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William Iron Arm[1] (born before 1010 – died 1046) was a Norman adventurer, founder of the fortunes of the Hauteville family. One of twelve sons of Tancred of Hauteville, he journeyed to the Mezzogiorno with his younger brother Drogo in the first half of the eleventh century (c.1035), in response to requests for help made by fellow Normans under Rainulf Drengot, count of Aversa.

Between 1038 and 1040, he and other Normans fought in Sicily along with the Lombards as mercenaries for the Byzantine Empire against the Saracens. It was there that he won his nickname Iron Arm, by single-handedly killing the emir of Syracuse during a sally at the siege of Syracuse. When the Greek general Giorgio Maniace publicly humiliated the Salernitan leader, Arduin, the Lombards withdrew from the campaign, along with the Normans and the Varangian Guard contingent. After Maniace was recalled to Constantinople, the new catapan of Italy, Michael Doukeianos, appointed Arduin the ruler of Melfi. Melfi, however, soon joined other Apulian Lombards in a revolt against Byzantine rule, in which they were supported by William and the Normans. The Byzantines, however, managed to buy off the nominal leaders of the revolt - first Atenulf, Prince of Benevento, and then Argyrus. In September 1042, the Normans elected their own leader, ignoring Arduin. The revolt, originally Lombard, had become Norman in character and leadership.

William was elected by Normans as their "count" after the defection of Argyrus. He and the other leaders, chief among them Drogo and Peter, petitioned Guaimar IV, Prince of Salerno, for recognition of their conquests. They received the lands around Melfi as a fief and proclaimed Guaimar "Duke of Apulia and Calabria". At Melfi in 1043, Guaimar divided the region (except for Melfi itself) into twelve baronies for the benefit of the Norman leaders: Asclettin received Acerenza, Tristan received Montepeloso, Hugh Tubœuf received Monopoli, Peter received Trani, and Drogo received Venosa. William himself, predominant among the Norman leaders, received the lordship of Ascoli. He was married to Guida, daughter of Guy, duke of Sorrento, and niece of Guaimar.

During his reign, William and Guaimar began the conquest of Calabria in 1044 and built the great castle of Stridula, probably near Squillace. In 1045, he was defeated near Taranto by Argyrus. He died in early 1046 and was succeeded by his brother Drogo.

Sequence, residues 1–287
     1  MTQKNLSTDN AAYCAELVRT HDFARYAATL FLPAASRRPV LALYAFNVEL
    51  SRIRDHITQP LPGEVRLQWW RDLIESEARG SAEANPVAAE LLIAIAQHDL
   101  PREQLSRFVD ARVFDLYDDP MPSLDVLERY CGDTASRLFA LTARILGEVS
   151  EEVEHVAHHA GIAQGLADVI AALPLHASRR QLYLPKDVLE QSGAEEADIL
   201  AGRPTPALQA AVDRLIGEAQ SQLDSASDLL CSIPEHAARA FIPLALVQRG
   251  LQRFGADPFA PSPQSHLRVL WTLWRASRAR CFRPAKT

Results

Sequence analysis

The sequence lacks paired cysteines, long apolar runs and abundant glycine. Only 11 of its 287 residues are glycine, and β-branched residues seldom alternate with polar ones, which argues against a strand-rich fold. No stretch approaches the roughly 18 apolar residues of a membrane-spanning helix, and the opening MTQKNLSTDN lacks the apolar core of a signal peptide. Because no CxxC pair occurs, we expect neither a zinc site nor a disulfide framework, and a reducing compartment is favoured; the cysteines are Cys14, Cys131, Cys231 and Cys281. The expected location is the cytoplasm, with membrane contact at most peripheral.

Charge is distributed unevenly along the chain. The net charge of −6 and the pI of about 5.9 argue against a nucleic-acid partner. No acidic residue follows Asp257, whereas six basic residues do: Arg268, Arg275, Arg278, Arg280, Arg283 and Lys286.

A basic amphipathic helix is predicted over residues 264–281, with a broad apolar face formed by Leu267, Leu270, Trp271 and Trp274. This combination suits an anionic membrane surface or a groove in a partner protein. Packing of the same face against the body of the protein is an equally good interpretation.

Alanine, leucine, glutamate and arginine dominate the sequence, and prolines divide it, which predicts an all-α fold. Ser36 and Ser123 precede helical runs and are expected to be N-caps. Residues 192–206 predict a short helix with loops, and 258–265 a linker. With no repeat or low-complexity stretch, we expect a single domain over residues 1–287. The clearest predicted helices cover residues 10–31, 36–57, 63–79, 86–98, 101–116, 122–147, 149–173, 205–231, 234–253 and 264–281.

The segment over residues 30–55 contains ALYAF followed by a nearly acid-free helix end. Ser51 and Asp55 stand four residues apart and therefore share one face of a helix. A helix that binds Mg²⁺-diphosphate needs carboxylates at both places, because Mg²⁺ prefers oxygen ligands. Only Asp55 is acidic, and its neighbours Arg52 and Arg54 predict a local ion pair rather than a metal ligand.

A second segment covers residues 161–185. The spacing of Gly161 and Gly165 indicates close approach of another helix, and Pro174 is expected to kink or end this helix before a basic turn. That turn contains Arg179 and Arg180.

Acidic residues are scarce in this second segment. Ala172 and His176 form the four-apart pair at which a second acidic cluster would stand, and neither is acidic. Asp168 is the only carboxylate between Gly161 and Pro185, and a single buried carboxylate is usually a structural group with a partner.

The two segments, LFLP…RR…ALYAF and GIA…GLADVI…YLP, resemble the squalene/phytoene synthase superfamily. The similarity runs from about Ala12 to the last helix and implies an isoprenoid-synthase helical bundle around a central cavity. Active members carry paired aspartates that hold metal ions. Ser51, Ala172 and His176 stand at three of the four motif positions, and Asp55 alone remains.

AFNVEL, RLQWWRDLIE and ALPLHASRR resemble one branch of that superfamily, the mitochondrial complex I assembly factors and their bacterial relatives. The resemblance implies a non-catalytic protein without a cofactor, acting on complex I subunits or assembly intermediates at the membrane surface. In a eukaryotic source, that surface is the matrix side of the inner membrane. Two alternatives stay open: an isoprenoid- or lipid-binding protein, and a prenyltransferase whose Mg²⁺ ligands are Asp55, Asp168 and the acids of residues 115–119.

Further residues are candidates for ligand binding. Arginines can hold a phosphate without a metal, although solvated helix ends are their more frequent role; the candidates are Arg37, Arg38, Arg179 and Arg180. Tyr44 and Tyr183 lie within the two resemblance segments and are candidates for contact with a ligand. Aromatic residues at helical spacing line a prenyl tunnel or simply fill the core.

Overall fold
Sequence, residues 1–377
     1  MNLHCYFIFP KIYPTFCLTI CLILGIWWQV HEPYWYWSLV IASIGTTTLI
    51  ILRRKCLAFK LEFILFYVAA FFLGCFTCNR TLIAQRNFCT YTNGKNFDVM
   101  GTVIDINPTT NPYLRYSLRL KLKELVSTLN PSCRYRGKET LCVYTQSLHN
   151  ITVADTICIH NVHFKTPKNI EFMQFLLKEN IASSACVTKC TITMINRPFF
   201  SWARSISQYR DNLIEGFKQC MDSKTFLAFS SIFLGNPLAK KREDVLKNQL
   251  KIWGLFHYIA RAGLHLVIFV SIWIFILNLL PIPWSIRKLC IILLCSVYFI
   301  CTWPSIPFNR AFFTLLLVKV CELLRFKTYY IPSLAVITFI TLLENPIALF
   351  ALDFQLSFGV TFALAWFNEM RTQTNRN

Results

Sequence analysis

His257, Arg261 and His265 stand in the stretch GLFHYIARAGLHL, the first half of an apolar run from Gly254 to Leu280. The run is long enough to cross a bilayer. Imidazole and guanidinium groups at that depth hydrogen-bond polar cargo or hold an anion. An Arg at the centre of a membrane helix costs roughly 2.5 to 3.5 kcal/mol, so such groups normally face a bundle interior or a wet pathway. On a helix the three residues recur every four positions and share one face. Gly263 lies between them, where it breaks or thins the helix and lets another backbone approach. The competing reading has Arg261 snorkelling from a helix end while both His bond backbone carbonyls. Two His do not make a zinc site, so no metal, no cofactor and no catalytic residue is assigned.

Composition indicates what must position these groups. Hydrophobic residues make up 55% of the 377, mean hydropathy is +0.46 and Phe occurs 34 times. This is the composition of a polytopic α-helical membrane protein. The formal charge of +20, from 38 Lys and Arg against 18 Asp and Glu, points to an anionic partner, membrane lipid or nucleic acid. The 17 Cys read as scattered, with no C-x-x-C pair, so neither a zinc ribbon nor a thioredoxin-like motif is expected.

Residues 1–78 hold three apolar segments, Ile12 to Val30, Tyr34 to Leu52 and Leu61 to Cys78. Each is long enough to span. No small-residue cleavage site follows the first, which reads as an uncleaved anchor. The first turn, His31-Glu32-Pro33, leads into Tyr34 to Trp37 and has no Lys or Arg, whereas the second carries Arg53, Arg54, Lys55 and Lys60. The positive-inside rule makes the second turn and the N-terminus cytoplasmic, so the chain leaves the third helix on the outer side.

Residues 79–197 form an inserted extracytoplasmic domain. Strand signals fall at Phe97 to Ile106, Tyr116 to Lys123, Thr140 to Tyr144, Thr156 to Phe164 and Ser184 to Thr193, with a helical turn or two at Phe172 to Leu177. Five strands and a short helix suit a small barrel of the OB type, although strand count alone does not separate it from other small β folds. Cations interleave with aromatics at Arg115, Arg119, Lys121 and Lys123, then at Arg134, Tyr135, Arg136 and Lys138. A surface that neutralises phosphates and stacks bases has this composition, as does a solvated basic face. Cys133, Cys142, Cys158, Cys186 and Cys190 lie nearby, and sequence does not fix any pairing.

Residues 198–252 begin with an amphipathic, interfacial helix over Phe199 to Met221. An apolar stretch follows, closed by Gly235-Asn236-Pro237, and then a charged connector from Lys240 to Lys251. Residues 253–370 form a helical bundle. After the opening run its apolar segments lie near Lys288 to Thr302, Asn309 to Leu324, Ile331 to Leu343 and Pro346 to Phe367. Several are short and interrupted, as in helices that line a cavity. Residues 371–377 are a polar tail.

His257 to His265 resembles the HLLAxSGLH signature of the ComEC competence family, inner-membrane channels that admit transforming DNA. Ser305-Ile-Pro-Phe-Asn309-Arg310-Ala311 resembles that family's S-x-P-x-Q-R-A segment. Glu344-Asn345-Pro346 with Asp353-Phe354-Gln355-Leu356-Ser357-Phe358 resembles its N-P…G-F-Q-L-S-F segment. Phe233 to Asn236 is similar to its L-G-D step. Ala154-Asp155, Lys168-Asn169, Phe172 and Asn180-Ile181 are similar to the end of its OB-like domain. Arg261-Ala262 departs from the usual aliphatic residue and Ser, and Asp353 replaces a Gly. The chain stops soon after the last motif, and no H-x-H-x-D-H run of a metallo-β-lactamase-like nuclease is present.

His titles were never confirmed by the Holy Roman Emperor. Drogo would be legally called "Count of the Normans in all Apulia and Calabria" (Comes Normannorum totius Apuliae e Calabriae), and so William is usually titled likewise.

[edit] References

   * Ghisalberti, Albert (ed). Dizionario Biografico degli Italiani: II Albicante – Ammannati. Rome, 1960.
   * Gwatkin, H.M., Whitney, J.P. (ed) et al. The Cambridge Medieval History: Volume III. Cambridge University Press, 1926.
   * Norwich, John Julius. The Normans in the South 1016-1130. Longmans: London, 1967.
   * Chalandon, Ferdinand. Histoire de la domination normande en Italie et en Sicilie. Paris, 1907.
   * Gravett, Christopher, and Nicolle, David. The Normans: Warrior Knights and their Castles. Osprey Publishing: Oxford, 2006.
   * Beech, George. A Norman-Italian Adventurer in the East: Richard of Salerno. 1993.

[edit] Notes

  1. ^ Guillaume Bras-de-fer in French, Guglielmo Braccio di Ferro in Italian and Gugghiermu Vrazzu di Ferru in Sicilian.

[edit] External links

   * History of the Norman World.
   * Leeds Medieval History Texts in Translation.

Preceded by

none Count of Apulia and Calabria

1042 – 1046 Succeeded by


W drzewie ojcem Ryszarda z Princypatu jest także Drogon de Hauteville, w książce Steven Runciman "Dzieje Wypraw Krzyżowych, tablica 2, ojcem Ryszarda jest Wilhelm z Princypatu senior Salerno.